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Mulokot Foundation Develops Consultation Protocol Brochure with Wayana Peoples of Suriname

Presentation of the completed brochure to the Paramount Chief of the Wayana, Ipomadi Palenapin, by Jupta Itoewaki.

KOEF Grant Partner Spotlight: Mulokot Foundation, Suriname 

The Wayana Peoples live in the northern Amazon in Suriname, Brazil, and French Guyana. They depend on planting cassava, hunting, and fishing. Due to the threats that Wayana land faces from gold mining and illegal hunting, it was necessary for Wayana Peoples to create a document outlining the consultation protocol for parasisi (outsiders). This document’s aim is stated in the subtitle, “Protection of the rights of the Wayanas in the field of self-determination, participation, and decision-making.” This work was made possible by a grant from Cultural Survival’s Keepers of the Earth Fund to the Mulokot Foundation. The KOEF grant supported the Foundation to develop a protocol guide for NGOs and government officials to engage with the Wayana Peoples in a way that respects their traditional practices.

The Mulokot Foundation, an Indigenous-led organization based in Village Kawemhakan, Lawa area, Sipaliwini, Suriname, aims to bring sustainable development to Wayana communities through capacity building, developing management skills, protecting land and biodiversity, and developing sustainable livelihoods. The chairperson of the Mulokot Foundation, Jupta Itoewaki, says that “One of our biggest concerns is the way NGOs and the government deal with the Wayana Peoples. They don’t respect our traditional laws.” An organization in Suriname had previously developed a general engagement approach but did not take traditional laws into consideration. Their document provided some background for the new Wayana consultation protocol brochure. A delegation of Wayana people from Suriname and French Guyana were also able to travel to another Wayana community in Brazil to obtain documents in Portuguese with certain protocols that they were able to adapt to their own communities.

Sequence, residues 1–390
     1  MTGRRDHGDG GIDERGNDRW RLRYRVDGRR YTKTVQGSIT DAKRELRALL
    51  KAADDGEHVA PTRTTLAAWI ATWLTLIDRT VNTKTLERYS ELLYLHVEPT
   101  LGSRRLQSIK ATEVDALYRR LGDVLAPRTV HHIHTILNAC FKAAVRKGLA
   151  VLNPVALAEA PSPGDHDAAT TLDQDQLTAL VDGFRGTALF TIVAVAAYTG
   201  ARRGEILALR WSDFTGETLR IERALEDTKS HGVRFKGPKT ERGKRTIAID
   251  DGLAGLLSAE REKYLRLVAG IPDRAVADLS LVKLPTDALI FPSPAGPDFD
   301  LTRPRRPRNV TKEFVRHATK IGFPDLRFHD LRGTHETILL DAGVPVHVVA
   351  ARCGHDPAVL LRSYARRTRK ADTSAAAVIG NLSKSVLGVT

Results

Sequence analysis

The Mulokot Foundation used the Keepers of the Earth Fund grant to organize a meeting in the village of Kawemhakan in January 2020 to ask Wayana community members what they would like to see from a document. It was agreed that it needed to be translated into a number of different languages. With their help, it was drafted in Wayana and Dutch. An unnamed community member says, “We have wanted such a document for a long time.”


The meeting in Kawemhakan in January 2020


The COVID-19 outbreak in March 2020 disrupted some travel activities and the Mulokot Foundation was unable to travel to the interior. In September 2020, Jupta Itoewaki was able to fly again and visited Kawemhakan to translate the brochure into English with further input from community members. In Paramaribo, the layout of the brochure was made by a graphic designer.

The first page of the brochure, which was designed to be colorful, provide a lot of information, and be translated into other languages so that outsiders could be informed on appropriate protocols for engaging with Wayana communities.

The final design is an eight-page full color brochure in Wayana, English, and Dutch. It was presented to the Paramount Chief of the Wayanas, Ipomadi Palenapin, by Jupta Itoewaki on December 18, 2020 and shared with Wayana communities.


Keepers of the Earth Fund (KOEF) is an Indigenous Led Fund designed to support Indigenous Peoples’ community development and advocacy projects. Since 2017, through small grants and technical assistance, KOEF has supported 119 projects in 31 countries totaling $488,475.


Download the protocol here.